Haley D. Glasco on 3 October 31st, 2008 10:45 am

    food tastes best when accompanied by fond memories. looks delish!

    justJENN on 4 November 1st, 2008 5:59 pm


    Paula on 5 November 5th, 2008 2:22 pm

    What a lovely family tradition! Looks great!

    Hallie on 6 November 7th, 2008 9:38 am

    Yum. These look so good. I love family recipes, they just have that little extra love in them that makes them just taste better.

    giz on 7 November 7th, 2008 9:05 pm

    What a great recipe and a great story. If it weren’t so late at night I’d be in the kitchen already making these but tomorrow I’m making them and taking them over to babba who will be eternally grateful.

    Audrey on 8 November 30th, 2008 8:12 pm

    I have never made mandelbrot before. We have always bought them at a kosher bakery.

    Oh and my daughter was named after my own grandmother who never had the chance to meet my daughter.

    Debbie on 9 December 17th, 2008 4:19 pm

    What kind of oil? For some reason when I make these they spread out. Don’t get me wrong, they still are yummy! But I would like to know why mine go flat.

    Hilary on 10 December 19th, 2008 12:34 pm

    Debbie, vegetable oil. Not sure about why yours spread. Did you try this recipe?

    Rose on 11 December 20th, 2008 8:27 pm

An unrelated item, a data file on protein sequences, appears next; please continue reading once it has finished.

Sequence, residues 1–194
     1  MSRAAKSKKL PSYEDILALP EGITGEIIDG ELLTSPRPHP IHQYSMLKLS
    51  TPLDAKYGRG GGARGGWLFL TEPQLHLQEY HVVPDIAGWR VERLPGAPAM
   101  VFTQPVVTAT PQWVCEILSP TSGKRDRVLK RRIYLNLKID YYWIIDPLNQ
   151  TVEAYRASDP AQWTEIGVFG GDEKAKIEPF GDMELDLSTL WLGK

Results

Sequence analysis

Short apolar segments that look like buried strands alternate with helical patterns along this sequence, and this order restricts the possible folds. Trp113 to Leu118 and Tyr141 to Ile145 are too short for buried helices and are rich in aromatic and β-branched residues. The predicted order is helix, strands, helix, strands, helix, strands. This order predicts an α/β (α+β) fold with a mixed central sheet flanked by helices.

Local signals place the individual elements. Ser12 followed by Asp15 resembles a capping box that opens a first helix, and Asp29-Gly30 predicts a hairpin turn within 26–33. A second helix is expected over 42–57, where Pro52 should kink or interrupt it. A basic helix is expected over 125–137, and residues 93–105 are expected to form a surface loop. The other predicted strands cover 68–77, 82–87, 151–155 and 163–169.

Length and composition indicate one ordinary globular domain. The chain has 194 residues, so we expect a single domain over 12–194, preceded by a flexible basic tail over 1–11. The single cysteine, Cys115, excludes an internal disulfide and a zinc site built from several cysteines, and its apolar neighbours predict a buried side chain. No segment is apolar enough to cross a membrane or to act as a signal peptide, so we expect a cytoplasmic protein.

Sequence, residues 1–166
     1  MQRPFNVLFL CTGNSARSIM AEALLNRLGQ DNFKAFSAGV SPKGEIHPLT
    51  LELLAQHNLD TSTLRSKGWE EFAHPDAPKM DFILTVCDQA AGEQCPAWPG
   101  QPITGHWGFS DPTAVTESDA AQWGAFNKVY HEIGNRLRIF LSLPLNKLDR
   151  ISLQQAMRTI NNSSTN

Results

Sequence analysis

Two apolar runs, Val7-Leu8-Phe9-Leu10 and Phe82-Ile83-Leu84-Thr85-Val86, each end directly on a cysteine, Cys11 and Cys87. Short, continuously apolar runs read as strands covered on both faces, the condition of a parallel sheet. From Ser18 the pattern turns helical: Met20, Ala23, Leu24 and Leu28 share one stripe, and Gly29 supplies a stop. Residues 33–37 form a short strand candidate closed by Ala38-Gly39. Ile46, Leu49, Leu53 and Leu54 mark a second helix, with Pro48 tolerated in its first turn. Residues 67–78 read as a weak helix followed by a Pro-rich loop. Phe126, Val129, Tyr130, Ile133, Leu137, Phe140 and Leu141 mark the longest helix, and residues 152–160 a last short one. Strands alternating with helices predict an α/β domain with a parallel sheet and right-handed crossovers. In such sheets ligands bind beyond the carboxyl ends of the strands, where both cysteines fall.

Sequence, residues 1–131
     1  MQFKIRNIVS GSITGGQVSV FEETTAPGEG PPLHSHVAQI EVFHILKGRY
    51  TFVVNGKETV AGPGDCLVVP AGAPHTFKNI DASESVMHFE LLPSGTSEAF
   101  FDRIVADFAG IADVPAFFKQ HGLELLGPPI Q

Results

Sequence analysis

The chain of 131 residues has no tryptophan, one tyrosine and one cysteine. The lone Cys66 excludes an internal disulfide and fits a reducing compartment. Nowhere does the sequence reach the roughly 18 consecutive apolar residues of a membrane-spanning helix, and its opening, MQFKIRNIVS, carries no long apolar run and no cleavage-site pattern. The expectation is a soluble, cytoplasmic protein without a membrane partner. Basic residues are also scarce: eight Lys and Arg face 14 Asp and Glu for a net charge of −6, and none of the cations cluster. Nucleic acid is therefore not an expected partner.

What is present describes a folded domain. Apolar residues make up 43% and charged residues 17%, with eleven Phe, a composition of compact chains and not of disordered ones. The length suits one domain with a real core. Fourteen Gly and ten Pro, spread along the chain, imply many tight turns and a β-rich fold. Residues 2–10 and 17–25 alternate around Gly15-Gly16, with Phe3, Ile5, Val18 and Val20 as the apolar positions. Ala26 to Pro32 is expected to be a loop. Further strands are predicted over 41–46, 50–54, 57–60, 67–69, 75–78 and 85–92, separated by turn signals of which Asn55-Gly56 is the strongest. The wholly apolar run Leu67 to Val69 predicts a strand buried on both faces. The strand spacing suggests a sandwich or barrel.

just made this! they turned out GREAT! i will definitely be making this recipe again. i accidentally poured a little too much oil in, so mine spread a little more than i would have liked, but oh well. also, because i have a chocolate addition, i added an extra 1/2 cup of chocolate chips (making it a total of 1.5 cups of chocolate chips), and would highly recommend this to anyone else who is making these. they were super easy and are so delicious! i will never buy mandelbrot from a store or bakery again! everyone should try it, because once they see how easy it is, i know they will feel the same way. thanks for sharing your family’s recipe!!!

    michele on 12 December 24th, 2008 3:34 pm

    Hi there…I tried your recipe last night and refrigerated the batter overnight..My question is…I usually like to make my mandel bread the same day as needed.; but I dont need them until Thursday…so….is it okay for me to refrigerate for 2 nights or should I just bake it tonight?? Thank you! Cant wait to hear back from you! Michelle

    H on 13 December 24th, 2008 3:36 pm

    Hi Michele. I think it should be OK another night. Enjoy!

    Dana on 14 May 16th, 2009 4:59 am

    I like to use mini chocolate chips these days when I bake these types of cookies. Thanks for the recipe and ALL your recipes!

    Mandelbrot recipes | Abcstrings on 15 November 11th, 2011 10:06 pm

    […] Aunt Helen’s Mandelbrot : Nosh With MeOct 30, 2008 … So with wooden spoon and mixing bowl at the ready, I made mandelbrot. However, before I give you the recipe, here are two important bits of … […]

    Laura on 16 November 12th, 2012 4:29 am

    These look like very nice chocolate chip toasts, but when you deleted the almonds they ceased to be mandlbrodt. The chips also make them sweeter to satisfy kiddie tastes. I was looking for a grown-up tasting traditional almond recipe when yours came up in my online search. I’ll keep looking.